In a related manner, many well-meaning people have counseled those troubled by the election to practice non-attachment. This staple of the Eastern traditions has its counterpart in the biblical injunction to be “in the world but not of it.” We are advised to ditch our “attachments” to the material realm and its temporal delights, and turn instead to the everlasting treasure of Divine union. You can’t beat that advice; it’s a cornerstone of any spiritual path. But non-attachment is too often confused with indifference.
In the highest sense, non-attachment describes a state of being in which one is so securely anchored to the Infinite that one witnesses the hubbub of material existence from the serene remove of a spectator. This is not merely a mood; it’s a living condition when realized. But it’s decidedly not indifference. In the Bhagavad Gita’s classic passages on non-attachment, Lord Krishna advises Arjuna to not be attached to the fruits of his actions, but he also exhorts him to fight with the righteous against evil forces. Similarly, Jesus told his followers not to store up earthly treasures that are vulnerable to rust and moths and thieves, but to seek instead the permanent treasures of “heaven.” Yet he was hardly indifferent to the suffering of humanity or complacent about Pharisees and moneylenders in the temple.
In short, being unattached does not equate to apathy or disengagement. The task is to cultivate non-attachment to outcomes internally while outwardly acting with skill, compassion and wisdom. Similarly, one can be fully present in the Now of every moment, and at the same time take action to make things better in the next moment, or some future moment.
Another spiritual reaction to election trauma has been one variation or another of “It’s God’s will,” such as “It’s part of the Divine plan,” or “It’s meant to be,” or “The Universe is unfolding as it should.” Well, maybe so, from the cosmic perspective. But that does not mean the proper response is non-action. Maybe our reaction to events that arise is also part of the Divine plan, and perhaps what’s “meant to be” is for us to act competently and forcefully to heal the broken world and prevent future suffering.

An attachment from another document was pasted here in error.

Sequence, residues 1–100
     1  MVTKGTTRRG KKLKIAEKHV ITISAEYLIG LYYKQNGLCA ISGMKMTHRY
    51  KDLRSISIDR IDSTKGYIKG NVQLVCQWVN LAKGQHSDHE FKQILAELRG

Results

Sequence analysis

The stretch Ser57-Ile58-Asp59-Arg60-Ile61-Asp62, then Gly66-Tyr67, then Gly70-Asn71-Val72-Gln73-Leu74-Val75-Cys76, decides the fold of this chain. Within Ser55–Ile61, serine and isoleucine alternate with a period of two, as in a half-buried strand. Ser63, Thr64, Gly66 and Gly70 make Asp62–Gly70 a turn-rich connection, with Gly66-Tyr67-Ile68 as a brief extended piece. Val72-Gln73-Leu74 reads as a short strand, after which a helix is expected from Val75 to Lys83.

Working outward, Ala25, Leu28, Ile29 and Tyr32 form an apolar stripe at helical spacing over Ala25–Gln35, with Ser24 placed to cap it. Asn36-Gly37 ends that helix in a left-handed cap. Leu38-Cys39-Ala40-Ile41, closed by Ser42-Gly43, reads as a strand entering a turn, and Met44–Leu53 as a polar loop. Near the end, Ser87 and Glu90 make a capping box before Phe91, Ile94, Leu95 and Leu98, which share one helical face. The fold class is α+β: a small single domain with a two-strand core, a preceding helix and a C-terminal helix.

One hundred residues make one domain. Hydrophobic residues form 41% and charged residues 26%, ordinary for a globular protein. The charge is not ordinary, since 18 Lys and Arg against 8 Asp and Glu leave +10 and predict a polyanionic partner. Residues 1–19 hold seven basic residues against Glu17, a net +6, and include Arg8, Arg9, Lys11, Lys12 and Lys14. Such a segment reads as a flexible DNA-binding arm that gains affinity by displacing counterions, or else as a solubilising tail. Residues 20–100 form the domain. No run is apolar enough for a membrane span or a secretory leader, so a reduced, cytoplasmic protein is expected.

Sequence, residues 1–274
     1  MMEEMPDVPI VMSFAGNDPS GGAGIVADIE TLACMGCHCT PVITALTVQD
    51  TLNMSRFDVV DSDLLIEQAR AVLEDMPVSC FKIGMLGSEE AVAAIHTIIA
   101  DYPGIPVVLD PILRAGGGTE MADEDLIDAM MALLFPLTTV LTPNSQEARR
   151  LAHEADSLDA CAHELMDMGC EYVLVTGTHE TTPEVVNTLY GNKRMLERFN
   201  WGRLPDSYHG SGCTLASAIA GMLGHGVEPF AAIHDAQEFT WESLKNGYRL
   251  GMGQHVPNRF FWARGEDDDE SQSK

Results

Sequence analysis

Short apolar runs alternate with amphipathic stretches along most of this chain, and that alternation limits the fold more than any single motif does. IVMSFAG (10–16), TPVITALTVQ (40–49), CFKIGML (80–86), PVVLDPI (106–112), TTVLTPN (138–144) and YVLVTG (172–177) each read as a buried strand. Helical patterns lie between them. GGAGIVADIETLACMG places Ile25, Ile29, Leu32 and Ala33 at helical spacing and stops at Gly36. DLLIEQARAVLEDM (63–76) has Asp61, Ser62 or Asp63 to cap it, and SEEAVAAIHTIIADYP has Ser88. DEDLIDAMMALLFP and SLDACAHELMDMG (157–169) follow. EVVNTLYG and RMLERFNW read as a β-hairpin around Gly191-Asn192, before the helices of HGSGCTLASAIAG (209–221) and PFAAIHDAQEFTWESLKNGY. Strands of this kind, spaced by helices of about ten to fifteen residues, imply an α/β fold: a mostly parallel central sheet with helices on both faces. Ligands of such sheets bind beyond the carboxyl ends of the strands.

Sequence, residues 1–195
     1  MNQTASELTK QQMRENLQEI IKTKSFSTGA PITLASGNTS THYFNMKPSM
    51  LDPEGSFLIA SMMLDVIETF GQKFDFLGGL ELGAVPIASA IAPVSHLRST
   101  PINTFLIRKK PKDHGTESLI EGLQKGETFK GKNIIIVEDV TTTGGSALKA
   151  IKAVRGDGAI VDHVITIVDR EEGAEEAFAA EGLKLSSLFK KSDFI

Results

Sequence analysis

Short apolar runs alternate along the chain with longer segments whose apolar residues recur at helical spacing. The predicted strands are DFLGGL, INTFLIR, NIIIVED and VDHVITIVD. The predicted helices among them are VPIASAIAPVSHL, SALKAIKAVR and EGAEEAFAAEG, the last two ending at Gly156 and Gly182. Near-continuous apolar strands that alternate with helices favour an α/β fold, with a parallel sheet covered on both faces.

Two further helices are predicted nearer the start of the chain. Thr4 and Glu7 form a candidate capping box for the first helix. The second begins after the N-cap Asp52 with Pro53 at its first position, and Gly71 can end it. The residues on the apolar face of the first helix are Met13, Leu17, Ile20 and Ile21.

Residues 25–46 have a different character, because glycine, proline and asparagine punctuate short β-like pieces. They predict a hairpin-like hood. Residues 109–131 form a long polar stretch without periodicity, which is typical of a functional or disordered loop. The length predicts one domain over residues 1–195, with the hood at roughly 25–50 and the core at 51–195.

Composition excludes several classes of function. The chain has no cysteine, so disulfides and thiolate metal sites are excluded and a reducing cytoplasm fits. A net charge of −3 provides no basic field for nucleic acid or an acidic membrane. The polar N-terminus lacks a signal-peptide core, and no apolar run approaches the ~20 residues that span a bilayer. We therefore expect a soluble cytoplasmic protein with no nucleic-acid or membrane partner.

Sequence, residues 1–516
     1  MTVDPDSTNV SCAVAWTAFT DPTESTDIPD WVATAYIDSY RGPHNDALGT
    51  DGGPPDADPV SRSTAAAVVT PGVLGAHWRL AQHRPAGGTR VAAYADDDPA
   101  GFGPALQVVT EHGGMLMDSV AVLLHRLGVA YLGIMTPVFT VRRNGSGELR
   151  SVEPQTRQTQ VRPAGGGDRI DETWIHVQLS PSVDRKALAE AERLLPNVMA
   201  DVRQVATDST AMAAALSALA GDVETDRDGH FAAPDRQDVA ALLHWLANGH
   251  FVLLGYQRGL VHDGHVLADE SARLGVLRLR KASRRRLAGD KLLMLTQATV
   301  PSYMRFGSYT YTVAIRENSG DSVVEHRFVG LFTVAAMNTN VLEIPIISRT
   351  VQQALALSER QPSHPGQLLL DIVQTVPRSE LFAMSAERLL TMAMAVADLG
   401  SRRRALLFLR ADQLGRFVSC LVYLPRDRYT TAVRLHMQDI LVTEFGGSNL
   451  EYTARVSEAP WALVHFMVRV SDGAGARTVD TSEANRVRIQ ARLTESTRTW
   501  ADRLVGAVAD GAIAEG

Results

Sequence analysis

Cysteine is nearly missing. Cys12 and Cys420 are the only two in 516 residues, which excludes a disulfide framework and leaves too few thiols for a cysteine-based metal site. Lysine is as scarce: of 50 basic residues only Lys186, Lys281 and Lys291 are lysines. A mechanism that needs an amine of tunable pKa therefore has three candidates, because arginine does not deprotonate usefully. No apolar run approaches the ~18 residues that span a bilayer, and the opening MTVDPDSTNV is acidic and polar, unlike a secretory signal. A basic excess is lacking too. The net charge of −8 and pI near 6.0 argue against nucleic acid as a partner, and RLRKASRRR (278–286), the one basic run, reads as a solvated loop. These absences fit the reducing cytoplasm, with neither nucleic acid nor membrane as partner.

These are examples of how profound spiritual teachings can be used to justify withdrawal from, or indifference to, troublesome worldly affairs. But the same precepts can just as easily support engagement and social activism, as the examples of folks like Mahatma Gandhi, Martin Luther King and the Dalai Lama would suggest.
In any event, regardless of how one feels about Donald Trump himself, his ascendancy has clearly unleashed dormant forces of hatred, bigotry and injustice. It is also clear that Americans have never been more bitterly divided. In such an environment, it would seem incumbent upon us to not use profound spiritual concepts to justify complacency. Sure, we’re spiritual beings having a physical experience, but we also have roles to play on the earthly stage. The times call for spiritual awareness coupled with responsible, skillful action.